Stem Cells and Fare-wells

Today was our last official day on the study tour. Our first visit was to the AStar Institute for Medical Biology (IMB) in Biopolis which is basically a small section where most of the biological focused AStar buildings are located. We were given a brief tour of the labs, focused mainly on seeing the different microscopes they had, including a super-resolution microscope, afterwards we met with an Australian professor Victor Nucombe who works there who gave us a presentation about Singapore, the history of how it became so wealthy, how business is done in Singapore and then he moved on to telling us about the research he is doing which is focused on stem-cells, and how they had managed to figure out how to produce on a large scale the natural sugars that the growth factors bind to that determine the fate of stem-cells, with it they were able to get much greater control over the growth of stem cells into specialised cells, so they surgically removed a piece of a main limb bone from a rabbit, inserted a “sponge” soaked in the sugar bound to the growth factor, and in a short period of time the bone had completely grown back!!! After leaving IMB we went back to NUS to visit their surface science laboratories where we saw a couple of scanning tunnelling microscopes, a secondary ion mass spectroscope, an X-ray and UV photoelectron spectroscope. Afterwards we visited the Singapore Synchrotron Light Source (SSLS) which was the first Synchrotron I have ever seen in person before, finally we returned to IMRE just to sit down and have abit of a chat with a couple of the scientists there before bringing the tour to an official close.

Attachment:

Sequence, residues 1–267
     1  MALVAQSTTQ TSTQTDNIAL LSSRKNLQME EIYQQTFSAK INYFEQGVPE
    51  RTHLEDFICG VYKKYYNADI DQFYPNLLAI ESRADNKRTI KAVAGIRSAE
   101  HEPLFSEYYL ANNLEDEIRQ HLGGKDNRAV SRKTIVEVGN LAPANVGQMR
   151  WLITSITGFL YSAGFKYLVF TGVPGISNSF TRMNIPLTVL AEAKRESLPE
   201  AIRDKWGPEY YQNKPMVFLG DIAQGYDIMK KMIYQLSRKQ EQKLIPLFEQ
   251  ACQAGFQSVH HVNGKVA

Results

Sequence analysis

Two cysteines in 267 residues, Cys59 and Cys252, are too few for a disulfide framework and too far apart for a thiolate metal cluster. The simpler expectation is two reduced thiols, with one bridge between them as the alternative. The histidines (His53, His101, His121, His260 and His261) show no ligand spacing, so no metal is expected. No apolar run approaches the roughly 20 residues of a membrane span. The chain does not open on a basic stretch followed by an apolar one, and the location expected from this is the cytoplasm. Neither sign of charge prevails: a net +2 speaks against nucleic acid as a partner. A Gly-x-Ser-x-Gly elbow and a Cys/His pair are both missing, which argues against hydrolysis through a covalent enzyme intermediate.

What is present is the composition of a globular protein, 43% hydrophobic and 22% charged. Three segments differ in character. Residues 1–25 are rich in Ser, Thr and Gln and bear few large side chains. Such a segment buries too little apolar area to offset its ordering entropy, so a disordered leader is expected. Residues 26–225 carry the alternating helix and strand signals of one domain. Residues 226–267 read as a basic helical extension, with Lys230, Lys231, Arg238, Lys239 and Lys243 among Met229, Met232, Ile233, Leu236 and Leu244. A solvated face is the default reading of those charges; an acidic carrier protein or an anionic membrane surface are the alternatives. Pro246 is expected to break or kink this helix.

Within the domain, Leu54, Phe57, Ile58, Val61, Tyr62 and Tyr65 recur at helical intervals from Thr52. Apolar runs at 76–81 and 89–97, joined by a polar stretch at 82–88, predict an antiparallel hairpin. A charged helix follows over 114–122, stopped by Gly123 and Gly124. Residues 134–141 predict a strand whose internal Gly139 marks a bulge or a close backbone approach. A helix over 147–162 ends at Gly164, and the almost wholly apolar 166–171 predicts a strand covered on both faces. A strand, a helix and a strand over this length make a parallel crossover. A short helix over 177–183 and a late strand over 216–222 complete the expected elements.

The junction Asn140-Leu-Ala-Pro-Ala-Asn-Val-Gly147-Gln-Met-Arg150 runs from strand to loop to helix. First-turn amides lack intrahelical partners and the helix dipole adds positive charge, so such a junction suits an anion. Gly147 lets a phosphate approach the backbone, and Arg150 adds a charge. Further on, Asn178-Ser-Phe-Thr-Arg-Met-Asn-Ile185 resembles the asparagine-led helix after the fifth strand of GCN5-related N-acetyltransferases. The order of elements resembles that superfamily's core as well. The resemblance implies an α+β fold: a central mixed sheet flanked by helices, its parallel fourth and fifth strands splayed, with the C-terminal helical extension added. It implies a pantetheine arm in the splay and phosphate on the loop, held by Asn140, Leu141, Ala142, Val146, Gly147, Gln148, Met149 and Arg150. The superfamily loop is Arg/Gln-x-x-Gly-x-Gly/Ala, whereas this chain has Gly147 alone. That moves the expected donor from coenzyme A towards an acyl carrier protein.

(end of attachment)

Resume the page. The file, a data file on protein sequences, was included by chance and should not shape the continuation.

Definitely today gave me an insight into what the future of medicine may be, one where we can treat almost any injury with stem-cells to regrow tissue in a very short time, meaning that this will be truly revolutionary in every field of medicine, and particularly promising for helping amputees one day. As always it was cool to see the lab equipment that NUS had. Was very fascinated and excited to see the Synchrotron as I had never seen one before.
Today I felt was a very valuable experience, seeing what I believe may be the future of most medicines in the stem-cell research that is being carried out today. Seeing the surface science laboratory will prove valuable to me as surface science plays an important role in understanding nanotechnology and nanostructured materials.
The presentation we had at IMB perhaps wasn’t particularly related to nanotechnology as some of the other visits we had, but nanotechnology may become relevant to it in the future, perhaps in more precise control and delivery of stem cells to target locations in living tissue, or in improving the efficiency of the production of the binding sugars. The visit to the surface science laboratory is certainly relevant as many of the machines/equipment we saw in the labs there we will one day have to use ourselves to analyse nanomaterials and nanostructures, the same goes for the analytical uses of synchrotron light like that from the synchrotron we visited today.